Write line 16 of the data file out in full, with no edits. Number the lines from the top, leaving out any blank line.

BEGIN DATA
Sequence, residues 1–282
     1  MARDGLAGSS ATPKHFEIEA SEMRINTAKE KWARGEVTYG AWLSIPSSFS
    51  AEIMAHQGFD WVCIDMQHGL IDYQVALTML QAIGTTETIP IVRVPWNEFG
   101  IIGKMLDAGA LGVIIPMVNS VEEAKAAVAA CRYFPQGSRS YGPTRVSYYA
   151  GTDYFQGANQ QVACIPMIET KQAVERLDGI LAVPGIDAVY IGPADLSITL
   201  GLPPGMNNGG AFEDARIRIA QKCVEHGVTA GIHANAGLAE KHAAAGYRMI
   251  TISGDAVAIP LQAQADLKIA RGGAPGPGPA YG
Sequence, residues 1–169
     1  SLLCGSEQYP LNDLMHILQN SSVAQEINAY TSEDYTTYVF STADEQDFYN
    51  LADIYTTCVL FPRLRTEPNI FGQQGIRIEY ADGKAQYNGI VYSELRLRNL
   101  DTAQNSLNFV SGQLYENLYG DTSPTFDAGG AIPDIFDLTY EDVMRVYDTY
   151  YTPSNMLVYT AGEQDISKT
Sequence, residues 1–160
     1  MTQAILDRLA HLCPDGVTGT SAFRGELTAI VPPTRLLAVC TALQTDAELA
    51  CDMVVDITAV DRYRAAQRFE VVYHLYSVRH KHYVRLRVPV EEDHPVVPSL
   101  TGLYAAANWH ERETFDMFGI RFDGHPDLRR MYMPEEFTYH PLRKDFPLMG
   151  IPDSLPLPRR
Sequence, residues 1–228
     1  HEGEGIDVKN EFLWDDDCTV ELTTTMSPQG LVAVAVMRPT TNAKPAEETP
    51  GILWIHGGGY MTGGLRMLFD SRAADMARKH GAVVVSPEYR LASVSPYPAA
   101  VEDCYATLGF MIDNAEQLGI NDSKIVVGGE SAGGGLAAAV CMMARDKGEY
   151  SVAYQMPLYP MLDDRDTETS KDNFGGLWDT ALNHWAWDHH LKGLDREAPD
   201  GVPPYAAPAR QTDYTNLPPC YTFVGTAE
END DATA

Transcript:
   101  TGLYAAANWH ERETFDMFGI RFDGHPDLRR MYMPEEFTYH PLRKDFPLMG